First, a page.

Children across Scotland are set to miss more days of school as a teaching union has announced 22 additional days of strikes in the ongoing pay dispute.
The Educational Institute of Scotland (EIS) said the new strike days are in addition to the previously announced 16-day programme of rolling strike action, set to begin in schools across the country next week.
The EIS Executive Committee met on Friday and agreed action that will include two days of strikes in all schools and sectors on February 28 and March 1, followed by a rolling programme of strikes for 20 days between March 13 and April 21.
Each local authority area will be impacted by three consecutive days of strikes, with one day affecting all schools bookended on either side by one-day strikes in primary and secondary schools.
EIS members have previously taken three days of strikes, one in November and two in January, in the continuing campaign for a fair pay settlement for the year 2022.
Primary and secondary schools were closed on Tuesday January 10 and Wednesday January 11 after last-ditch talks with the Scottish Government failed.
Unions have demanded a 10% pay increase but the Scottish Government has offered 5%, including rises of up to 6.85% for the lowest-paid staff.
Speaking after the meeting of EIS Executive Committee, general secretary Andrea Bradley said: “The programme of additional strike action, agreed today, is a direct response to the inaction of the Scottish Government and Cosla (Convention of Scottish Local Authorities) on teacher pay.
“After a year of dither, delay and disingenuity from the Scottish Government and Cosla, Scotland’s teachers have simply had enough.”
Ms Bradley added: “The recent days of strike action by Scotland’s teachers have succeeded in bringing Cosla and the Scottish Government back to the negotiating table but they have yet to put a single extra penny onto that table.
“Scotland’s teachers rejected a sub-inflationary 5% offer six months ago, and little or no progress has been made in negotiations since.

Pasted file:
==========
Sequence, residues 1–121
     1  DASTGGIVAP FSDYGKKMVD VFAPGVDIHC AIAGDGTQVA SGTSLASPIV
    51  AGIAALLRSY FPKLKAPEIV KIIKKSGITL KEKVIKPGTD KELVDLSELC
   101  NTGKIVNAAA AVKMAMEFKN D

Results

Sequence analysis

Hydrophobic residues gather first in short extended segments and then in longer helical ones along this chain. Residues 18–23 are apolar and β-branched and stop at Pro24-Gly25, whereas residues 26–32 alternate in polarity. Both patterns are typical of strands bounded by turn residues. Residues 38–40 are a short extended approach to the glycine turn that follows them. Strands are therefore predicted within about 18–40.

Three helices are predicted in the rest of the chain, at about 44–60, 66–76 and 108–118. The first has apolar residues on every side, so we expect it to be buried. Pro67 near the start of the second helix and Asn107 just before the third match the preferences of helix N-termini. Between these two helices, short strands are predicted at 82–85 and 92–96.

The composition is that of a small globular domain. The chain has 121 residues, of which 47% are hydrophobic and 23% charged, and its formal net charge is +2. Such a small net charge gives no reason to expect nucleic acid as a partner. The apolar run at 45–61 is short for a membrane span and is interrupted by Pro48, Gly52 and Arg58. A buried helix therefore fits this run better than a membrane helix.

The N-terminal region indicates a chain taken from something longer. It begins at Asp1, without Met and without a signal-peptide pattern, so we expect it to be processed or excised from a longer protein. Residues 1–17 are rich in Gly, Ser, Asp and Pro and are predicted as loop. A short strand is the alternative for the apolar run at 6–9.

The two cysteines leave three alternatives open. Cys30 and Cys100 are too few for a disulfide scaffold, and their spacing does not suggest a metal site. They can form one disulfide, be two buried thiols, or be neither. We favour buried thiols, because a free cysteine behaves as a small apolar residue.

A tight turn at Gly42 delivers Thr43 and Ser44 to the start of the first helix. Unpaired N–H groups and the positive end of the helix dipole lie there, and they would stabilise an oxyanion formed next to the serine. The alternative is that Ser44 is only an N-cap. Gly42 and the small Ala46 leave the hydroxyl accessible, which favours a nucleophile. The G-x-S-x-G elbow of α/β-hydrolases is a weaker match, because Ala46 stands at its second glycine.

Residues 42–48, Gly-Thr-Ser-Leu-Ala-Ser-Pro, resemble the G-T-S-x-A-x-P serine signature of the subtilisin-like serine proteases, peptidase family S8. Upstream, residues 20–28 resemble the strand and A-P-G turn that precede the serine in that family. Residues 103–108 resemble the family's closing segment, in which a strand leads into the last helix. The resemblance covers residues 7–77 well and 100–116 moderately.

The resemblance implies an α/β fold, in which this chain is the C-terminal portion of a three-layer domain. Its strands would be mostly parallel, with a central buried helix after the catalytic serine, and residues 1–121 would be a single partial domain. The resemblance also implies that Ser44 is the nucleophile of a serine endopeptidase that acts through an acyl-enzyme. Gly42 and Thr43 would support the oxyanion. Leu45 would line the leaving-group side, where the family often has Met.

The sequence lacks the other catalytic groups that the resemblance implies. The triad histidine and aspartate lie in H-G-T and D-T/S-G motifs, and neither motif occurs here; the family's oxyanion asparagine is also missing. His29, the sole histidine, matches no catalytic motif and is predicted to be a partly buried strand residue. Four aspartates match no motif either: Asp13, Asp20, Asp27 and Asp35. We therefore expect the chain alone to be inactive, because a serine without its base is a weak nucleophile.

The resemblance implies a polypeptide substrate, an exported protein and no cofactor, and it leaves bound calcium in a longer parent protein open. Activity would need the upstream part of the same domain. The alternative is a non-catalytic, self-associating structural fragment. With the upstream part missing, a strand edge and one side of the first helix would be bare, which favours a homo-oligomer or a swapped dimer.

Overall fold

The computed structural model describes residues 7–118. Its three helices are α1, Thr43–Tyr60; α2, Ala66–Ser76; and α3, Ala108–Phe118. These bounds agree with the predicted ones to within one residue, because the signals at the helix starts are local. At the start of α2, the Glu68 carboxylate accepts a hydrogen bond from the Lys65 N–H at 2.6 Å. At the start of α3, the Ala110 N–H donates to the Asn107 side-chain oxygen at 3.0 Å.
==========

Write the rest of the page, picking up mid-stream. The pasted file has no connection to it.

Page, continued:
“The prospect of 22 additional days of strike action, on top of the 16 days of rolling action set to begin next week, should signal clearly to the Scottish Government and Cosla that they must now act with urgency.
“Our members are resolute and determined to secure a fair pay settlement, which both properly reflects their value and also takes account of the soaring cost of living.”
First Minister Nicola Sturgeon has previously expressed her regret at the strike action, adding: “We’re trying to be as fair as possible while maximising pay increases.”
Education Secretary Shirley-Anne Somerville said: “Strikes in our schools are in no one’s interest – including for pupils, parents and carers who have already had to deal with significant disruption over the past three years.
“It is disappointing that the EIS has proceeded to escalate industrial action – we are continuing to urge teaching unions to reconsider their plans while talks are ongoing.
“Recent discussions have been constructive. There has been a shared understanding that talks have been focused on discussing potential areas for compromise – not on tabling a new offer at this stage.
“To date we have made four offers, all of which have been rejected, but we remain absolutely committed to reaching an agreement on a pay deal that is fair and sustainable for all concerned.”